N.B. The timings may differ from country to country and are intended for guidance only
In Egypt it is customary to be offered tea or a soft drink in larger shops. Bargaining is a common practice in all bazaars and can be fun. Your guide will be able to give you information on the best way to haggle and also guidance on what you should pay for common souvenirs such as papyrus, galabeyas, gold jewellery, perfume, spices etc.
A: In Egypt local taxis are readily available and inexpensive, but agree the fare before embarking on your journey, and don’t pay until the end of your journey. The same goes for caleches, or horse and carriage rides.
A: It is expensive to telephone home from hotels. In Egypt Phonecards cost E£20 or E£30 for a approx. 3-4 minute call to the UK. Ask your representative for further advice.
Tip: When calling in Egypt, do not allow the number of rings to exceed 11 as you will be charged anyway, even if the call has not been answered.
Q: Tipping & Onboard
A: Tipping, or baksheesh as it is called in Egypt, is a way of life, and porters, waiters, temple guardians etc expect a small tip, in Egypt around E£1 for a porter, E£2 coach driver, E£50 cleaner if staying in a hotel. Tip around 15 per cent on a restaurant bill.
The only additional expenses are drinks (unless you have opted for All Inclusive), tips, souvenirs and optional excursions available on board. A credit system operates on board the boat whereby all extras will be billed to your cabin and settled at the end of your cruise. There are limited money exchanging facilities on board so it is advisable to ensure that you have enough local currency although your guide will allow time for a bank stop during your cruise.
Tipping on a Nile cruise, you will be asked to pay a sum of money at the start of your cruise from which your guide will pay all tipping outside the boat for you throughout your holiday and then it is customary on a Nile Cruise to tip the guide and crew collectively at the end of your holiday usually the total amount is approximately UK£25 per person for the duration.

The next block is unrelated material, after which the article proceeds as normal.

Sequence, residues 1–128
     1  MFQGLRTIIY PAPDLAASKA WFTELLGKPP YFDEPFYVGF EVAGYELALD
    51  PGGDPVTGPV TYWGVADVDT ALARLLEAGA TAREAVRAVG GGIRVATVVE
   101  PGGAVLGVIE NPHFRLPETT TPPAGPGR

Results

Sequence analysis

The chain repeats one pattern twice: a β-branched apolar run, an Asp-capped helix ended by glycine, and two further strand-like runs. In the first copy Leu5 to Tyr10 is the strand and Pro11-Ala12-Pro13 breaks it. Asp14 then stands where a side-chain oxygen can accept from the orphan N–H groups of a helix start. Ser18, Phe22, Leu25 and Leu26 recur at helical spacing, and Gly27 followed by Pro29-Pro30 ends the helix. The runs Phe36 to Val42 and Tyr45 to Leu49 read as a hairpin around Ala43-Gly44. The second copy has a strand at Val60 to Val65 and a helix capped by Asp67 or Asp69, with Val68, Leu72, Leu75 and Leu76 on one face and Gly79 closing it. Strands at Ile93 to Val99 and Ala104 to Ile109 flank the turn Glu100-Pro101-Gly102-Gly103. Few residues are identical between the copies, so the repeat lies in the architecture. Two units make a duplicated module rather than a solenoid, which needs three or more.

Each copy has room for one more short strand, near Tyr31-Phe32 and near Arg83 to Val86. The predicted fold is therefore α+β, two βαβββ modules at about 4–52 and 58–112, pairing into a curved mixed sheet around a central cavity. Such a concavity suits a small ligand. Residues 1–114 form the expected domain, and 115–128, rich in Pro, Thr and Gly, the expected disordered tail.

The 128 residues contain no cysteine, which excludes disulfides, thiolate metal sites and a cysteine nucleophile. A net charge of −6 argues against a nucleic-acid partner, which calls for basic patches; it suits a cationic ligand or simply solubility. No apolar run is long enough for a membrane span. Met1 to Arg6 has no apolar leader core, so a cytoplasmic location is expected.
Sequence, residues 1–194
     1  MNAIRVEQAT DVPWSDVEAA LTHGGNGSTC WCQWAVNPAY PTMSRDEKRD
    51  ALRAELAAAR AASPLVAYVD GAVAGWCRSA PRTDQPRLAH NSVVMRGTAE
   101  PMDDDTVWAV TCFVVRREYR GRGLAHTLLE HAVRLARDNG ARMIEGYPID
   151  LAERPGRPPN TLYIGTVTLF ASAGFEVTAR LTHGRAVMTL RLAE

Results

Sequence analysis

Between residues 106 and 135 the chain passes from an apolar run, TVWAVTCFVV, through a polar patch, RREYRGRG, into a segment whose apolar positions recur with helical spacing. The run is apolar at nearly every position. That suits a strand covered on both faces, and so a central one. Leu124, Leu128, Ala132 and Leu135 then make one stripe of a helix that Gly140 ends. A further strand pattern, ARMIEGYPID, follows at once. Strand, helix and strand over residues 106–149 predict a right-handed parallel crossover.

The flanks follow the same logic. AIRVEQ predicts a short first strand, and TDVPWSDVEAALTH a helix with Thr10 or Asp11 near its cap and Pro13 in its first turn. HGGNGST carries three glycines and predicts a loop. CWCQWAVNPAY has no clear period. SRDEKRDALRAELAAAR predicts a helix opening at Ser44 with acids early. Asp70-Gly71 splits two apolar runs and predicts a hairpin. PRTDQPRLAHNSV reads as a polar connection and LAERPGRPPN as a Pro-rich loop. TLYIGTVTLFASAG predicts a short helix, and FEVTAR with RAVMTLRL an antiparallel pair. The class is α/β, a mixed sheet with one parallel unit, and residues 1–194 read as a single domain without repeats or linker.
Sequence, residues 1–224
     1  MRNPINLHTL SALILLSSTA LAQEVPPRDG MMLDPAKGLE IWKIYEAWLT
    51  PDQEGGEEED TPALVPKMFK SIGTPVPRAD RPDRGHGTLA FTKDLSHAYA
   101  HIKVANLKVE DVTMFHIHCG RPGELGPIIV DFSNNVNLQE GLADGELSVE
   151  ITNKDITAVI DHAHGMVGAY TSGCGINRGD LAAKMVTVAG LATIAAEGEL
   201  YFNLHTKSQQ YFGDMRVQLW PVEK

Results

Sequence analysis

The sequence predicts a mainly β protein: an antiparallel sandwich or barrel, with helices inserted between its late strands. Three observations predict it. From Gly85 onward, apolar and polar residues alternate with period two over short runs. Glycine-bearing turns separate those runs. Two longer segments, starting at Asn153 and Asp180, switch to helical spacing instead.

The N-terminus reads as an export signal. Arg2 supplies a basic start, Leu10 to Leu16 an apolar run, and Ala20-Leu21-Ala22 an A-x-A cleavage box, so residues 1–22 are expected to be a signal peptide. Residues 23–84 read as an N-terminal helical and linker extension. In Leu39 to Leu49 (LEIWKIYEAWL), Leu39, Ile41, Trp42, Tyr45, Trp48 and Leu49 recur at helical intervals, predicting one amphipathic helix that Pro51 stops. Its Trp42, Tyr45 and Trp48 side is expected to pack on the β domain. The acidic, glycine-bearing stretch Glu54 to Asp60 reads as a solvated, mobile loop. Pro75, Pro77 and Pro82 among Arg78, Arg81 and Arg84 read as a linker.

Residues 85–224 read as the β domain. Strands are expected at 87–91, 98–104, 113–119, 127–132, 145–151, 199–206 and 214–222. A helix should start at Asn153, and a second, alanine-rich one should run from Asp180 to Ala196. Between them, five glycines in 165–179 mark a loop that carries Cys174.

A: Accommodation is normally based on 2 adults sharing a standard cabin or room with facilities as specified in the respective description. In the case of a sole occupancy, a supplement will be chargeable. The third bed in a triple room/cabin is normally a foldaway or sofa-bed. Care must be taken at night as resort/hotel grounds paths may not be illuminated. We recommend that you familiarise yourself with swimming pool depths and the layout of the pool before entering it. Occasionally hotel pools and other facilities may be closed for maintenance and we will endeavour to inform you in advance where possible. It should be noted that most pools in Cairo and Alexandria in Egypt are usually closed during the winter months between November and April.
A: Some museums and historical sites in Egypt may not allow photography while others may charge a fee, usually around E£5-E£10. While you may usually take pictures as you like from the outside of most monuments, many demand that you do not use a flash when taking pictures inside. The use of video cameras is restricted, and a larger, additional fee is payable. Photography is strictly prohibited at military installations, public works and government buildings. Always ask permission before taking photographs of local people, and expect to be asked for a tip in return.
A: It gets very hot in summer throughout the Middle East, so loose, light cotton clothing is the most comfortable. Take sunglasses, comfortable walking shoes and a good sunhat. You should dress conservatively – women should not have bare shoulders or wear revealing tops or shorts – in town, especially when visiting mosques and churches or you will risk causing offence.
Q: Special Requirements
A: Facilities for the disabled or those with impaired mobility are very limited in Egypt. We would therefore ask you to discuss with us the suitability of any particular accommodation and resort before making a booking. Wheelchair or other special assistance is available at most airports and it is essential that, if needed, this is requested at the time of booking so we can endeavour to meet your requirements.
Q: Cruise Itineraries
A: Nile Cruise itineraries and excursions can, for operational reasons, be subject to alteration locally at short notice.
When the boat is moored, vessels may have to berth alongside each other restricting views and requiring clients to pass through a number of boats to disembark. Upon disembarkation clients will be required to walk along a gangplank and there may be steps to climb. For this reason we do not recommend Nile cruises for the disabled or those with impaired mobility.